doi:10.1038/nindia.2012.180 Published online 6 December 2012
New research has shown that flower-shaped nanoparticles of zinc oxide could trigger the growth of new blood vessels. Such nanoparticles will be useful in repairing damaged blood vessels and restoring blood flow to damaged tissues1.
They come as good news for treatment of cardiovascular diseases, ischemic heart, limb diseases and wound healing.
The growth of new blood vessels (angiogenesis) involves the migration, growth and differentiation of endothelial cells, which line the inside wall of blood vessels.
"These ZnO nanoflowers successfully induce proliferation, migration and blood vessel formation in various endothelial cells, known to initiate the growth of new blood vessels," lead researcher Chitta Ranjan Patra from CSIR-Indian Institute of Chemical Technology, Hyderabad told Nature India.
This could open a new avenue in nanomedicine making for an alternative therapy in vascular diseases, where growth of new blood vessels plays a significant role, he said.
The telltale sign of vascular diseases is damaged blood vessels. This means tissues of the affected organs such as the heart run out of blood and vital nutrients triggering massive cell death. This is why researchers use growth factor proteins such as vascular endothelial growth factor (VEGF) to boost the growth of new blood vessels.
However, such therapeutic options are expensive. In addition, VEGF-aided blood vessel formation could also end up nourishing harmful tumours. Nanoparticles seem overcome these drawbacks and have become a preferred choice for biomedical applications. Previous studies have shown that europium oxide nanorods, cerium oxide nanoparticles and carbon nanotubes could help grow new blood vessels.
Although ZnO nanoparticles have exhibited efficiency in sensing and imaging biological cells, its role in blood vessel growth had not yet been investigated. Patra and colleagues synthesized ZnO nanoflowers by exposing a mixture of zinc nitrate and ammonium hydroxide to microwave irradiation in a domestic microwave oven. They carried out experiments with human umbilical vein endothelial cells (HUVECs) and fertilized chicken egg yolks to explore blood vessel-growing potentials of these nanoflowers.
Cell proliferation is one of the vital steps in endothelial cells-mediated angiogenesis. To find signs of cell proliferation, the umbilical vein endothelial cells were treated with nanoflowers, which induced 2.7-fold increases in their proliferation compared to similar untreated cells.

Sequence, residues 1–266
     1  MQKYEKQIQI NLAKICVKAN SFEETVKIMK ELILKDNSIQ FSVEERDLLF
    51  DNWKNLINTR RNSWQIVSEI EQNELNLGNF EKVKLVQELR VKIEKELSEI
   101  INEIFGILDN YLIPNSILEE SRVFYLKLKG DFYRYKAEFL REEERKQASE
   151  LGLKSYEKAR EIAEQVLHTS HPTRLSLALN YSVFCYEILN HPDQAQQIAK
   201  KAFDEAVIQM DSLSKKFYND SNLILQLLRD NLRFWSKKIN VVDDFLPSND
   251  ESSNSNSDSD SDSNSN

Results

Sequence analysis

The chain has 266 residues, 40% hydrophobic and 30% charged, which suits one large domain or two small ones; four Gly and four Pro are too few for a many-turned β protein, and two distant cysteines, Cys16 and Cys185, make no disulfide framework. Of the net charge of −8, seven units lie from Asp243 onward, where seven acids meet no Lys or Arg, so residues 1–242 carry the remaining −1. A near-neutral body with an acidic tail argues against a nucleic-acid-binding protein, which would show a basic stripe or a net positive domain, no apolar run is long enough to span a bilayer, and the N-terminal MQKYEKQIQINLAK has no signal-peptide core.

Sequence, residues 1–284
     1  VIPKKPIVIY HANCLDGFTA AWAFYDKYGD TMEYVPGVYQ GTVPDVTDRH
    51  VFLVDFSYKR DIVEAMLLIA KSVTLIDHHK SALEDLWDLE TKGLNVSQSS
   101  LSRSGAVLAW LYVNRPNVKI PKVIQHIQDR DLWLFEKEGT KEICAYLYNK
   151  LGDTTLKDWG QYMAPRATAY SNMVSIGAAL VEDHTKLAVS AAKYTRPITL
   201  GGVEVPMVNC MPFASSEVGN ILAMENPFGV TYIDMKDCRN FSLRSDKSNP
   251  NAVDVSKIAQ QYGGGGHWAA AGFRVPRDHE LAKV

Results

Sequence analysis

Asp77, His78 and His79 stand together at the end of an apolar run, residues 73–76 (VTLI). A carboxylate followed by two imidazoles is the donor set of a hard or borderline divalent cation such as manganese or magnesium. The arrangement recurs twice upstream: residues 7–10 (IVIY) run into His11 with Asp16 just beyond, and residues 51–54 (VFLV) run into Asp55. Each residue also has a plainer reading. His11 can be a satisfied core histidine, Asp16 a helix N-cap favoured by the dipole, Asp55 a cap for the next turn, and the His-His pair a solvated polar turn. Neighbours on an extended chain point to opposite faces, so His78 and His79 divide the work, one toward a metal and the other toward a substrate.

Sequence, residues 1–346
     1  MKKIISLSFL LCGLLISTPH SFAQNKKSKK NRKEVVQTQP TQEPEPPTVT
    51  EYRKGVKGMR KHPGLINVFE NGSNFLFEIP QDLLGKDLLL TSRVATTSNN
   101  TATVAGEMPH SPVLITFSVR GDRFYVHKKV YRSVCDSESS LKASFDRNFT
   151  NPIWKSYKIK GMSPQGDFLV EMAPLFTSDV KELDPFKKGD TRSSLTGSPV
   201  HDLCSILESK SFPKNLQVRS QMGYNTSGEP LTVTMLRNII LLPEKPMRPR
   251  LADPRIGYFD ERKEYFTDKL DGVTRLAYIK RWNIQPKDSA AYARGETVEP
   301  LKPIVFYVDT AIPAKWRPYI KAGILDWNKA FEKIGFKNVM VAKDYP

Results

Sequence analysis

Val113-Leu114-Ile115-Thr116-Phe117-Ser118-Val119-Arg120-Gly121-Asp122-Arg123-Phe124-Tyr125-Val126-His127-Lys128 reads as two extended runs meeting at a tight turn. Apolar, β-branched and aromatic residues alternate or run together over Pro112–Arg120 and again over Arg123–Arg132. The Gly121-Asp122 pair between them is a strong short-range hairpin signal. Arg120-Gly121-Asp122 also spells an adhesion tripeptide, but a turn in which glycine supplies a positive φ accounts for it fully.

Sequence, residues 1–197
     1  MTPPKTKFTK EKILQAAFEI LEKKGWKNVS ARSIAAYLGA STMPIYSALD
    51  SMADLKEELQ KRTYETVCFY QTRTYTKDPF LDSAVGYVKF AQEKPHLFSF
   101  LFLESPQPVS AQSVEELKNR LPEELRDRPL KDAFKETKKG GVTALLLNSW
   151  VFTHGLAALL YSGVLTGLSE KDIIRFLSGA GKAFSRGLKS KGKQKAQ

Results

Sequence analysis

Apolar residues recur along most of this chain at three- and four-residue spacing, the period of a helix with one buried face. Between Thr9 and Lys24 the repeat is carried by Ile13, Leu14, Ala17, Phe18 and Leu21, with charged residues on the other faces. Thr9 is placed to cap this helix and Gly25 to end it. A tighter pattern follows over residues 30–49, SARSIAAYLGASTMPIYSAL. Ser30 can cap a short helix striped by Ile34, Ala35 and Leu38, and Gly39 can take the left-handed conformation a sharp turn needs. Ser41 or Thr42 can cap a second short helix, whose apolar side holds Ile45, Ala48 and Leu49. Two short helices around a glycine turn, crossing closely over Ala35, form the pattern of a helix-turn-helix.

Like proliferation, cell cycle is a vital period which helps accelerate blood vessel generation through cell division and DNA replication. The nanoflowers were found to aid such division and replication in HUVECs making new blood vessels.
The researchers also treated fertilised chicken egg yolks with ZnO nanoflowers to find that as the concentration of the nanoflowers was increased, the formation of matured vascular sprouting increased significantly. In a human endothelial cell-based wound healing system, the nanoflowers also induced cell migration, a vital step in new blood vessel formation.
However, there is a potential risk of such blood vessel-growing agents as they could help proliferate lurking cancer cells. "To avert this, we would like to test the nanoflowers on tumour-bearing animal model and patients. Local application of polymer-encapsulated blood vessel-growing ZnO nanoflowers with the help of tissue engineering could solve the problem," Patra claims.
"The study is interesting because the low concentrations of ZnO nanflowers will be non-toxic and could be assimilated slowly with the biological systems," says Panchanan Pramanik of Indian Institute of Technology, Kharagpur who studies the diagnostic prospect of nanomaterials.
"The findings of this research will have great implications in cancer biology and nanodrug-delivery systems," says Jayant Khandare of Piramal Healthcare Limited, Mumbai, who studies the therapeutic and drug delivery aspects of nanomaterials. However, he warns that the efficacy of the ZnO nanoflowers must be tested in cardiovascular tissues since such cellular systems are very different from chicken egg yolks.
The authors of this work are from: CSIR-Indian Institute of Chemical Technology, Hyderabad, Andhra Pradesh & AU-KBC Research Centre, Anna University, Chennai, Tamil Nadu, India; and Mayo Clinic College of Medicine, Mayo Foundation, Rochester, USA.